Okay. So now I get the gig, right? I landed the job and if you’ve seen pictures of my I call it my new art room, it’s not. I’ve been there for 15 years now. It’s a … Margo wasn’t fibbin’ y’all. It is a giant room. It used to be the school library before the school was remodeled. So it’s nice and long, lots of shelving. I don’t want to tell you how many storage closets. Now I’m sounding like a braggadocios Margo and I don’t want to do that. But I will say this when I got that job I was so thrilled with my teaching environment and I was so thrilled to finally make some emotional connections. I’m sad to say I didn’t.

When I started at that school, there were a lot of people who had been there for a very long time. And there was definitely some cliques happening. And there was definitely some mean girl bullying situations happening. And the administration at that time almost seemed to fan those flames. It was not a very good emotional environment to be teaching in. And the only way I really found to deal with it, was staying in my happy physical environment with my happy little artists in my room.

I had to decide is what’s happening outside my classroom right now, is this throwing people under the bus, saying hurtful things behind people’s backs, I mean y’all it was some pretty bad bullying. And I had to decide is this bad enough that I want to go? Is this affecting me? Is this something I want to get involved in? And all of those answers were no. I didn’t want to leave. I loved my school. I love my school. I didn’t want to be a part of any of that nonsense that I was witnessing. So my way to do that again was just kind of be in my own happy place.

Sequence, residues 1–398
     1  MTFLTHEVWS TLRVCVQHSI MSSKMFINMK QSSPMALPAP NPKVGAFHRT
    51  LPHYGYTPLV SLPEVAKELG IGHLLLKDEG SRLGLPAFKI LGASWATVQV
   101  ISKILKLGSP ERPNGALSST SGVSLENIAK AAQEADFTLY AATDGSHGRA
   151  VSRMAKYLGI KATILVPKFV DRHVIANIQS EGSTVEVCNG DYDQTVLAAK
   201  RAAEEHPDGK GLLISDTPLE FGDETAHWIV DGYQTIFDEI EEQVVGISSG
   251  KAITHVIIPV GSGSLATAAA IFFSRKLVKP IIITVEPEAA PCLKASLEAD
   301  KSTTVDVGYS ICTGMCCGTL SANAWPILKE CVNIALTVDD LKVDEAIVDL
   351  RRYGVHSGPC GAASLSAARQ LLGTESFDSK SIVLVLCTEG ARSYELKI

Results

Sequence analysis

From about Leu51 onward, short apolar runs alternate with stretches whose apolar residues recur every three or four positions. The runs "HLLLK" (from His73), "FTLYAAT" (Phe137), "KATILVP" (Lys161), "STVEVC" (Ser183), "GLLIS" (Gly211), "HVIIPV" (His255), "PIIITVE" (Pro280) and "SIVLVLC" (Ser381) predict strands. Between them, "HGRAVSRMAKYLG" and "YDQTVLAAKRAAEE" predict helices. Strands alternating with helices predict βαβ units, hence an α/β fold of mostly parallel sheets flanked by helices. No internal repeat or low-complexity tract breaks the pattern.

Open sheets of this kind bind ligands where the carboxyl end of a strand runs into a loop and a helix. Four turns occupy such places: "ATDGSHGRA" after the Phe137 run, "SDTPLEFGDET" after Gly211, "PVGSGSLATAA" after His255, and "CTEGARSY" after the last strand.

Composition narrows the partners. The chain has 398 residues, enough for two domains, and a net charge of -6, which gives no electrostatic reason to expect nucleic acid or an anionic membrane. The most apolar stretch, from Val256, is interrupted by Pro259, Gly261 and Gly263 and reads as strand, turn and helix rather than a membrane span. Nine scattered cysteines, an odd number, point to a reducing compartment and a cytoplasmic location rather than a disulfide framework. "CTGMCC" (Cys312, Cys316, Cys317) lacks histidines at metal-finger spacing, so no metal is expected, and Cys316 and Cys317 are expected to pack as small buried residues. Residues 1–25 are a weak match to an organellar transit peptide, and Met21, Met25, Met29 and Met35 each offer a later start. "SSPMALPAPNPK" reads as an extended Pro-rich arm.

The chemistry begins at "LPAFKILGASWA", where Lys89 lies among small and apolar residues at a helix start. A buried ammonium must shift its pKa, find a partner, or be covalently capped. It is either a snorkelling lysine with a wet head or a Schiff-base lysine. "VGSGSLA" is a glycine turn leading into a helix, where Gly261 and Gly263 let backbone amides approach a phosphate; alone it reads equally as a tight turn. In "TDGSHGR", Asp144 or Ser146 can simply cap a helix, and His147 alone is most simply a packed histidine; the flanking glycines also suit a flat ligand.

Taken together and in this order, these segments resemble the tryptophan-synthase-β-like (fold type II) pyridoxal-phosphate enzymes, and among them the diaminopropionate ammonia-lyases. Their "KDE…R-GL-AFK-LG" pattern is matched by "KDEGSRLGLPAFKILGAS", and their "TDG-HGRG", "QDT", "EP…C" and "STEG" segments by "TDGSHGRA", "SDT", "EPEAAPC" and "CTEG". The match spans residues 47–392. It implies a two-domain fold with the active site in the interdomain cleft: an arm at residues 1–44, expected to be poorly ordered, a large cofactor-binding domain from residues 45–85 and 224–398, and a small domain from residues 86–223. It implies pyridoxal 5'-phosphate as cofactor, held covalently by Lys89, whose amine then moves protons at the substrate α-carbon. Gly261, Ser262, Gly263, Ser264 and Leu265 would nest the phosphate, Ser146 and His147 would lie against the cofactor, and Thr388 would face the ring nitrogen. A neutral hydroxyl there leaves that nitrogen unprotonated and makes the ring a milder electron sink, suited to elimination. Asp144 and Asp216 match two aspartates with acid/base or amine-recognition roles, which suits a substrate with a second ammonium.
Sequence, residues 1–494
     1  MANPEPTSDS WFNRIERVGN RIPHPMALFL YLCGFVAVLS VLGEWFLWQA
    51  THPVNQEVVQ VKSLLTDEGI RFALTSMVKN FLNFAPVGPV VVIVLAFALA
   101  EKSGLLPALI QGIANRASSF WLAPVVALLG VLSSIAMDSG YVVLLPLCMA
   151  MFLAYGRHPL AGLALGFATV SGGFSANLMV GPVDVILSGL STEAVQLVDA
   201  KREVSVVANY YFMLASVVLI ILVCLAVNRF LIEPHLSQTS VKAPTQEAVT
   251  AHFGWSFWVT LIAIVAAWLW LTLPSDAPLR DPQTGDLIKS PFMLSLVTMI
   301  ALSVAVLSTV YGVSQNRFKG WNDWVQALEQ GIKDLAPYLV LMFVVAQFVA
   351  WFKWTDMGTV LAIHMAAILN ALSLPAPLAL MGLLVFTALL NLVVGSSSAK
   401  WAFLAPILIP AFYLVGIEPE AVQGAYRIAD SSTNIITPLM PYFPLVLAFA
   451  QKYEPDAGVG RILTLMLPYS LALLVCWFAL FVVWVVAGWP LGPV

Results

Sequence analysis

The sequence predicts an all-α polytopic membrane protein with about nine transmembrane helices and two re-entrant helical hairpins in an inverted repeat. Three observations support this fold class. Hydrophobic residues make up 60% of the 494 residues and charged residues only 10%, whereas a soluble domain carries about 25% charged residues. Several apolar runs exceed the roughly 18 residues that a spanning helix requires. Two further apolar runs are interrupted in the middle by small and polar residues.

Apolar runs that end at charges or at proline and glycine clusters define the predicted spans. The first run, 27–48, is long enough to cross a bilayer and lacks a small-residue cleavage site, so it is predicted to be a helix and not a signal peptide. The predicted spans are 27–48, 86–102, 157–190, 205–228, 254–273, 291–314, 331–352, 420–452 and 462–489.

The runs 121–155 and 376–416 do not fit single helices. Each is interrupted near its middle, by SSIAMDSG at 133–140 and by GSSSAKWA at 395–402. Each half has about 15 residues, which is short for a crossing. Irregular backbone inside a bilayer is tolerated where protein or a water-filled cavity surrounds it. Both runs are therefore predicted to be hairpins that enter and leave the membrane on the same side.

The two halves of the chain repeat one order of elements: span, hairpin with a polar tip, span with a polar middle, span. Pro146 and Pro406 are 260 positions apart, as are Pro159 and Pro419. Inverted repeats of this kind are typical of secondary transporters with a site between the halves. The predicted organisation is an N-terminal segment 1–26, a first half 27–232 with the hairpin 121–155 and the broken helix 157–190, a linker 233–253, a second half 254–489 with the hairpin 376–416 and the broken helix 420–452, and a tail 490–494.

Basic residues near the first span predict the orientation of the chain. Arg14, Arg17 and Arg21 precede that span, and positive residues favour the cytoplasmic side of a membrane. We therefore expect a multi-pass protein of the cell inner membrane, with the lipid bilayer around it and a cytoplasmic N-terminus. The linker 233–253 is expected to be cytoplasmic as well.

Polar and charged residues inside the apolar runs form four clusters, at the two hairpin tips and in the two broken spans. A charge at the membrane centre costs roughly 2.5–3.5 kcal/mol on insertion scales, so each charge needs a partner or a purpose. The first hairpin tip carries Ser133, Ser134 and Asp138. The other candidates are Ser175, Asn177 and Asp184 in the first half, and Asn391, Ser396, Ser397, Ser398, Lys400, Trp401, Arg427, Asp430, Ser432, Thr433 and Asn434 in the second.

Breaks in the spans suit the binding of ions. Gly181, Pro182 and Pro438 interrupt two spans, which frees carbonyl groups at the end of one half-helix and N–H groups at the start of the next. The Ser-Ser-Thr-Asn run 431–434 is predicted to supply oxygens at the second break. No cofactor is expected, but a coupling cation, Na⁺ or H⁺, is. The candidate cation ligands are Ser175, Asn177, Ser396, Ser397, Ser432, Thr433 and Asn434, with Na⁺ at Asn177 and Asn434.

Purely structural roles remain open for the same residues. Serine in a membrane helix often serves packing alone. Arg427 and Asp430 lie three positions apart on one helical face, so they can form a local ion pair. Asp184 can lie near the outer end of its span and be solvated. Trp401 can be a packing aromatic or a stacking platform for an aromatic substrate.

So when the question of should I stay or should I go came up the second time at my current school 10 years ago, the answer to that question for me was no. I’m going to stay. I’m going to ride this out and hope that things change. And you know what? 10 years later, I have an administration that is so stinkin’ supportive. It’s kind of bananas. I have coworkers that I love. And I have a team, I feel like I’m getting emotional, I have a special areas team that I really enjoy spending time with and teaching alongside. And I’m really proud that I decided to stay because I feel like now the environment at my school is the focus is on the kids. And that’s where it needs to be.

If you find yourself in a place where it isn’t, you might want to decide, is this enough of a hurdle that I can go over and carry this weight of making the kids my focus alone, or do I need that emotional support and this around me is just too damaging to my emotional state that I need to get out? Again, your situation isn’t your life sentence. Don’t put a nail in your coffin and don’t say my budget stinks, my coworkers are miserable, my room is terrible, I’m on a cart and I just don’t love it. Start looking for a way out.

Sometimes it even gets a little uncomfortable because you might even have to give the thought of moving. That might have to come into play. Making a change is hard. But do you know what’s harder? Being miserable. And if you’re not happy right now, are you going to be happy complaining about it and not doing anything about it? I kind of doubt it.

I want to say the next time you’re in a meeting and everybody’s doing that thing where they’re going around and introducing themselves, and you get ready. In fact, you can just pretend to say it right now, “Hi, my name is. I teach at. And I am happy that I teach there,” or, “I’m not.” And I’m not and here’s what I’m going to do about it. All right. Have I convinced you? Go for it. And definitely go to your fall conference, so you can meet your very own Margo. But it’s not gonna be me, ’cause I’m not giving up my art room.

Tim: Hello. This is Tim Bogatz, the host of Art Ed Radio. Today I want to talk to you about Art Ed PRO. If you were looking to consistently get better at a teacher, PRO is the professional development service that you need. The library is filled with on-demand video tutorials, downloadable handouts, and all kinds of other resources to help take your teaching to the next level. In fact, three new learning packs are coming out today. Basic Wheel Throwing, Exploring Architecture through Paper Sculpture, and teaching in a Title I school from AOE writer Wynita Harmon. The library now has nearly 90 Learning Packs, which should cover just about everything you need when it comes to teaching art. If you haven’t tried it, you can get a 30-day trial for free and you can see how amazing it is, if you give it a try. It’s at theartofed.com/pro. Now let me give the episode back to Cassie, as she opens up the mail bag.